March 15, 2004

Reuse-A-Shoe returns for second year

By Eric Rangus

Emory Recycles’ Reuse-A-Shoe campaign, which collects old athletic shoes to be ground into material for sports surfaces, was such a success last spring that it has returned in 2004.

Through April 30, dropoff locations for old athletic shoes will be scattered across campus just waiting to be filled with footwear that has outlived its usefulness.

Teaming with Nike and the National Recycling Coalition (NRC), Emory Recycles collected 7,734 pairs of shoes (5.88 tons worth) in 2003; 70 percent of those were later recycled. This year’s goal is 8,000 shoes with 100 percent recyclability.

“Everyone was very positive about last year’s campaign,” said recycling coordinator Claire Wall. “Not only did we get a lot of participation on campus, but we got a lot of donations from school systems. I think every school in Gwinnett County contributed.”

Indeed, Reuse-A-Shoe represents a significant outreach opportunity for Emory Recycles, a program of Facilities Management. A good deal of last year’s sum came from elementary and middle schools, whose students delivered dozens of boxes of shoes they had collected. Wall said Emory Recycles is continuing its partnerships with schools throughout the Atlanta metro area, extending as far north as Forsyth County.

Dropoff locations for shoes include the recycling sites at the Michael Street parking deck, Woodruff Residential Center, the Blomeyer and WoodPEC fitness centers, the Emory Village CVS and the main recycling center on Peavine Creek Drive.

Only athletic shoes can be recycled. They cannot contain metal eyelets, steel toes, cleats or metal spikes. Dress shoes, thongs, sandals or boots cannot be recycled, and shoes cannot be muddy or wet. The recycling process grinds old shoes into material that is used for indoor and outdoor sports surfaces including tracks, basketball and tennis courts, and FieldTurf.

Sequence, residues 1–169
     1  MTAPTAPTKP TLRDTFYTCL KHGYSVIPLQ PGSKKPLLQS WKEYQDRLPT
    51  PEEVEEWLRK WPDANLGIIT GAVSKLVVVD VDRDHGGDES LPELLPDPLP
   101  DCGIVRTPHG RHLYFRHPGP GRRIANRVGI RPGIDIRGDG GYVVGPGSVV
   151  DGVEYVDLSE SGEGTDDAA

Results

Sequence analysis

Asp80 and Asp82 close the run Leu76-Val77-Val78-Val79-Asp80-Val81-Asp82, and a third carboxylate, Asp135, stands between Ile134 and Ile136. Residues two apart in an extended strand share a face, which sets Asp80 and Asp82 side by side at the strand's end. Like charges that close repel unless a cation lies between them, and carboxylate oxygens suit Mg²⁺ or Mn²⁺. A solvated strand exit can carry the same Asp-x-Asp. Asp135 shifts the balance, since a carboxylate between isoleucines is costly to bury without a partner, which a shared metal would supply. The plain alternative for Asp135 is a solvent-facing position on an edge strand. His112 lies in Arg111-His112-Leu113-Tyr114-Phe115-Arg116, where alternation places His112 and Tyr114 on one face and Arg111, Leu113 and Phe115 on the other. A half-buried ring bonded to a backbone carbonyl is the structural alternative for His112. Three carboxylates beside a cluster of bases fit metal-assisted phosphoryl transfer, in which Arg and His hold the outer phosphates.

“We are excited that we have such a wide range of recyclers on board for year two of the program,” said Nike’s Beth Farnum, Reuse-A-Shoe program senior manager. “We look forward to strengthening relationships with all of our community recycling partners as they launch the collection strategy that works best in their community.” Emory is one of 80 Reuse-A-Shoe partners around the country. That’s up from 37 nationwide nonprofit partners last year.

“It was a pilot program last year,” Wall said. “This year the scope has widened.” Emory is the only nonprofit Reuse-A-Shoe partner in Georgia, although the campus is not the only place shoes can be collected for recycling. Nike Town stores, such as the Phipps Plaza store, are one outlet.

Nike, one of Emory’s two partners, manages the logistics of picking up shoes from the recycling center, while NRC provides technical assistance not only to Emory Recycles but to all 80 program participants.

The return of Reuse-A-Shoe is just one new recycling effort this spring. Emory Recycles also has begun a partnership with the Whole Foods Market at the corner of Lavista and Briarcliff roads. The dropoff site, which was set up in February, has bins for white and mixed paper, plastic, plastic bags, aluminum and tin cans, glass, and cardboard. In addition to Whole Foods and CVS, Emory Recycles partners include the CDC, Wesley Woods and the Clairmont Place Assisted Living Center.